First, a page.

RALEIGH — Through one of Donald Trump’s final acts as president, former N.C. Republican Party chairman Robin Hayes became one of the most prominent North Carolinians to receive a presidential pardon.
The White House announced more than 140 pardons and commutations Wednesday, Jan. 20, hours before the inauguration. Hayes was one of several Republican political figures to get a pardon.
Hayes, who also served as a U.S. representative in the 8th Congressional District from 1999 to 2009, pleaded guilty in 2019 to lying to federal investigators. He was being questioned in a case involving insurance magnate and political donor Greg Lindberg, who was accused of trying to bribe Insurance Commissioner Mike Causey to try to get him to replace regulators who worked with his company. Lindberg was found guilty last year and sentenced to seven years in prison.
Under the plea, Hayes was sentenced to one year’s probation.
U.S. Sen. Thom Tillis, a Republican, and several members of North Carolina’s congressional delegation “strongly supported” Hayes’ pardon, the White House said.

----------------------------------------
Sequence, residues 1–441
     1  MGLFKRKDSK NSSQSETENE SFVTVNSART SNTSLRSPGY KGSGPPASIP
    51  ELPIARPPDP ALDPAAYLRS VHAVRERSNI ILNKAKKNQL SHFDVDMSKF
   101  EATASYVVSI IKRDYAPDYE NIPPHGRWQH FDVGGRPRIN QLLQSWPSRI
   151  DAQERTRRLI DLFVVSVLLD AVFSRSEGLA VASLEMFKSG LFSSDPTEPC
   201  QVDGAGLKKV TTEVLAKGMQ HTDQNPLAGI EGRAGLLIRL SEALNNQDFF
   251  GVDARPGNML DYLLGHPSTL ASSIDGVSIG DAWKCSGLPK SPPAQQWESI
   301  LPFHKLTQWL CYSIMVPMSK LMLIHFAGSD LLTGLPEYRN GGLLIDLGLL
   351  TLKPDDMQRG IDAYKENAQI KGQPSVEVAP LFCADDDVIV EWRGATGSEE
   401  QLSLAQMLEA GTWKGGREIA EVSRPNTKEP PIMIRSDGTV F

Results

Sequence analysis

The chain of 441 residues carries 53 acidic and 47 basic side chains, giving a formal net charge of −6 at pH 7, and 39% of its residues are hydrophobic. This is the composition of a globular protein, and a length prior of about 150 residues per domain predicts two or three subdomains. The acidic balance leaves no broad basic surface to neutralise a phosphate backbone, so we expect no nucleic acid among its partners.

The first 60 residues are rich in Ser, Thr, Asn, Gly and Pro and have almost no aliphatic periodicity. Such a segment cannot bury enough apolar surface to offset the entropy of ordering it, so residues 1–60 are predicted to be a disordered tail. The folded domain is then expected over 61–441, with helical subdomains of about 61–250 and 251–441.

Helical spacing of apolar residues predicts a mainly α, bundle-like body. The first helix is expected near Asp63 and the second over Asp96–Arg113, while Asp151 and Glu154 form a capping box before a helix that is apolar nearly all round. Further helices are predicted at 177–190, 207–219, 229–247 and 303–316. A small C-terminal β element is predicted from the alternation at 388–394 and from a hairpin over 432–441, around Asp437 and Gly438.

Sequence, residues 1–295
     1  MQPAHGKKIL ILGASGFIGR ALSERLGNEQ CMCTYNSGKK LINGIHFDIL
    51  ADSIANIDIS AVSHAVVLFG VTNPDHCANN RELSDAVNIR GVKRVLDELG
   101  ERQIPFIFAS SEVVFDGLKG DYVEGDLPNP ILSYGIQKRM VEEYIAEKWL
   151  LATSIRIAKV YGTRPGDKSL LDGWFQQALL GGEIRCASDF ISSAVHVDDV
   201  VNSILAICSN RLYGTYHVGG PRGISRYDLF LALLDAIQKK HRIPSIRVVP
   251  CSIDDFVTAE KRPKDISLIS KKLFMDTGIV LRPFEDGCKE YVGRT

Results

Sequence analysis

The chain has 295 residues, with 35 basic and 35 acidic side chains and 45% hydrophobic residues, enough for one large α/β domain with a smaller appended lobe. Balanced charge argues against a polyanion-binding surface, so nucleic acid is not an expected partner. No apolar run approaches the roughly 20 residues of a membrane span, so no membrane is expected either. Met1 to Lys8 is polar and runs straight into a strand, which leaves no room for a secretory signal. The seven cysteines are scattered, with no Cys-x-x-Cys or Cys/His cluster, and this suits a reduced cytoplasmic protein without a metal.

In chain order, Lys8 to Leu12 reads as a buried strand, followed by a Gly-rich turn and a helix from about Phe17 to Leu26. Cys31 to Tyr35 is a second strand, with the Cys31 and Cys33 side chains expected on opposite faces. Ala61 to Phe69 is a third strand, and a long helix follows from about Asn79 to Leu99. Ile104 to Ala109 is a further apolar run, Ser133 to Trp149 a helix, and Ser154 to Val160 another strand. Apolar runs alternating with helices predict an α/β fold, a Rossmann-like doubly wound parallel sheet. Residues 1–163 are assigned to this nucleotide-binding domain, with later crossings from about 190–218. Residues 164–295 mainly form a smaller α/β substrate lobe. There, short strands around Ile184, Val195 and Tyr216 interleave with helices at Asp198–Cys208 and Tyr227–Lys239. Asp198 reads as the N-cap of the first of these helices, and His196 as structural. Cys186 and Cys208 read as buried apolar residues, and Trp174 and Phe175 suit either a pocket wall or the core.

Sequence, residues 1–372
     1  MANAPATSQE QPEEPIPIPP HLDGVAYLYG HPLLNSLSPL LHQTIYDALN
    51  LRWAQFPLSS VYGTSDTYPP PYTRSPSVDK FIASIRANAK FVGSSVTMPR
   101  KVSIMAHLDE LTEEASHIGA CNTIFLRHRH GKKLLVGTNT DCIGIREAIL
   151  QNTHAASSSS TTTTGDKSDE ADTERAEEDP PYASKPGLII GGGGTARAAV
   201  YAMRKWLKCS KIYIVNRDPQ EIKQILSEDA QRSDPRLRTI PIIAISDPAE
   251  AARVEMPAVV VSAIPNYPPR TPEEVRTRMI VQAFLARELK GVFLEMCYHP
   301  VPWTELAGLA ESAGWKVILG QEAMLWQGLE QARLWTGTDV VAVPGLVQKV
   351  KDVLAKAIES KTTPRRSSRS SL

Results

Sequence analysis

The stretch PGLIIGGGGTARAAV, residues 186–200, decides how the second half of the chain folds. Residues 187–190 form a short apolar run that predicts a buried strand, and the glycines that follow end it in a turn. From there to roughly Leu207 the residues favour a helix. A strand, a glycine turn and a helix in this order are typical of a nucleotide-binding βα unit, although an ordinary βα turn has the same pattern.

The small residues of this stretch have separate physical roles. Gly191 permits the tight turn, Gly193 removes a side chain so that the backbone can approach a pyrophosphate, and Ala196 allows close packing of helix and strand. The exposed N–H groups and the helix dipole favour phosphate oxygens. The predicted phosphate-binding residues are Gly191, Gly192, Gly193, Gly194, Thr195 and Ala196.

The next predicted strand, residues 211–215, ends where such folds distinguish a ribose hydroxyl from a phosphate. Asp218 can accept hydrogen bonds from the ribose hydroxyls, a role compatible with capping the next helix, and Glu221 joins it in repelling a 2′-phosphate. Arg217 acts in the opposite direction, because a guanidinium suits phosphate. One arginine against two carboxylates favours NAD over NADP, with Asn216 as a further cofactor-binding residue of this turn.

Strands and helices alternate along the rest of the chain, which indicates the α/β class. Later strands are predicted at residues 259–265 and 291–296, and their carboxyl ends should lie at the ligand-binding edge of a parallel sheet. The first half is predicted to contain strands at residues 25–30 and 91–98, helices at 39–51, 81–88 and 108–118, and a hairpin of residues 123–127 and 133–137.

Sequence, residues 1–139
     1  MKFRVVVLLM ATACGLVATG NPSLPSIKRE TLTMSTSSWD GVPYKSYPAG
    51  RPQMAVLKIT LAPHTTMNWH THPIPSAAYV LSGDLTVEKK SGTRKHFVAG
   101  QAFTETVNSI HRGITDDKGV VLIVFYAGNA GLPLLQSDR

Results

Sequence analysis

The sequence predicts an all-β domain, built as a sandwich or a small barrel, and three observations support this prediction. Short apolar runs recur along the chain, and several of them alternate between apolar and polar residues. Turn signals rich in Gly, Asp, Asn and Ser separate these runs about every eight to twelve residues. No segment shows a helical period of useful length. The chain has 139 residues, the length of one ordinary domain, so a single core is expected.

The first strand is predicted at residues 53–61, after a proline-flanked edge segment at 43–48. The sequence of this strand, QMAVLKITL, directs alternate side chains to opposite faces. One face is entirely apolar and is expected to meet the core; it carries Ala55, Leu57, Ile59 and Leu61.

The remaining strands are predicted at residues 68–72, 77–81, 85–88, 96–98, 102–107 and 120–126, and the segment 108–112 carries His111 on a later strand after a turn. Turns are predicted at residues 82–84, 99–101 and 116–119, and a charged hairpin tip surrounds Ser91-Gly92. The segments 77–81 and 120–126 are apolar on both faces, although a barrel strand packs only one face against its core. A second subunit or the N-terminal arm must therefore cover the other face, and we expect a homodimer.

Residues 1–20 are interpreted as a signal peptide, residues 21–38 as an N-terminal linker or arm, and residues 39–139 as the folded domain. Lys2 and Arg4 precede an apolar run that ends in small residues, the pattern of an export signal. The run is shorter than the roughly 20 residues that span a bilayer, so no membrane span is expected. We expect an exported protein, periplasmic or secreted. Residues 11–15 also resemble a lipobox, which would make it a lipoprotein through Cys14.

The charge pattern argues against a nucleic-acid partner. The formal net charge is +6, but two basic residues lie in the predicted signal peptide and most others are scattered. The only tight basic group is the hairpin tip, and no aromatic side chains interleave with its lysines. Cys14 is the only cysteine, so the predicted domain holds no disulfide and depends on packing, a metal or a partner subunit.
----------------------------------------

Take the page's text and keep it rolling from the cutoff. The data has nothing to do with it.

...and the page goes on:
Presidential pardons carry few limitations, though they can only apply to federal crimes.
“The presidential pardon power is a sweeping power, and when it is exercised it can fully restore a pardoned person to full legal rights enjoyed before conviction,” said John Dinan, a professor of politics and international affairs at Wake Forest University.
The list of people receiving pardons is typically filled with people who have committed relatively low-level crimes. North Carolinians who have received pardons were convicted of crimes ranging from drug offenses to moonshining to embezzlement.
There have been few prominent North Carolinians who have received pardons, and few noteworthy cases, N.C. State political science professor Andy Taylor said.
One exception is Rick Hendrick, the NASCAR team owner from Warrenton convicted of mail fraud in 1997. President Clinton pardoned him in December 2000.
Hendrick’s nephew James Hayes was pardoned by Trump on Wednesday as well, after being convicted in an insider trading case a decade ago.
North Carolinians were included in the mass pardons issued to Confederate soldiers after the Civil War, issued by President Andrew Johnson, and to Vietnam War draft dodgers, issued by President Carter.
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